This is a chapter from 'A Tribute to the Round', a short book on the Bob Graham Round, written for charity and available here
No leg or fell should be underestimated, especially after 55 miles. But there is surely a psychological boost from reaching Honister and knowing that what remains is the shortest leg of the round with the least ascent. Try to keep it together.
Overseeing the valley of Newlands, Dale Head is perfectly positioned for its name. It is the fifth greatest ascent in the round, a higher rank than one would expect and one which frustratingly resonates with the legs. The way from Honister is simple: follow the fence until it stops, then continue. At the top you find the grandest cairn of the round, rebuilt on a number of occasions and all the better for it. It stands guard over the vale.
The summit lies on the geological divide between Skiddaw slate and Borrowdale volcanic rock (there is evidence on the ground, if you are lucky enough to have the time in hand and know what to look for). Save for the miner’s path heading north, the view into Newlands does little to convey the array of sub-surface activity undertaken some 400 years ago, when the valley was one of Britain’s most important extractive sites. But it does offer the first proper glimpse of your ultimate quarry: Keswick.
Hindscarth has a long top and half a mile of it. Aside from that self-evident fact, there is little to say about this fell, brother to Robinson. A curving short-cut branches off from Hindscarth Edge to the summit.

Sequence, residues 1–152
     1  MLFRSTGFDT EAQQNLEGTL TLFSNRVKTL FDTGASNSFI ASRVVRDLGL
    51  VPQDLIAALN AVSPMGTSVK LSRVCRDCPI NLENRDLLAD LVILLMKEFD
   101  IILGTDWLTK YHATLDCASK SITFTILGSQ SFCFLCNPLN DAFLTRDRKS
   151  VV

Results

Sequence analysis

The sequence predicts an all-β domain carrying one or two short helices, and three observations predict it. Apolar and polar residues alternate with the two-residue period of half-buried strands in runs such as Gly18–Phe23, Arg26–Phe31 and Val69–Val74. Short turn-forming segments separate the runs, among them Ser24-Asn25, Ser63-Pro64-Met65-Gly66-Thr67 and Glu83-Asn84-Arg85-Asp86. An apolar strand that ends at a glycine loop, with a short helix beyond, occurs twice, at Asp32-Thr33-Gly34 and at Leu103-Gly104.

Only three fells on the round are named after people: Watson’s Dodd, Harrison Stickle and Robinson. History does not record the particular Watson or Harrison, but we do know that Mr Richard Robinson bought Buttermere estates in the sixteenth century to give his name to the mountain. The value of his investment will only have appreciated now it marks the culmination of the round.
From Hindscarth, look out for the drop into a well-formed trail that elegantly cuts the corner back to Littledale Edge. Once back on the ridge, seek out a trod for a direct route to the top. Alternatively, hugging the fence gives an interesting view onto Robinson Crag and Hackney Holes.
And now for something completely different. All that remains is the seven-mile matter of making the round good and returning to the Moot Hall.
Bob Graham was not the first to introduce Robinson into the 24-Hour Fell Record, but his counter-cultural decision to go clockwise meant he was the first to experience the long run-in to Keswick. His choice of descent is obvious from the fact High Snab was counted as one of his 42 fells. Contemporaneous newspaper accounts say he took just 47 minutes to complete the four and a half miles from the then Mill Dam Inn (Little Town) to Moot Hall.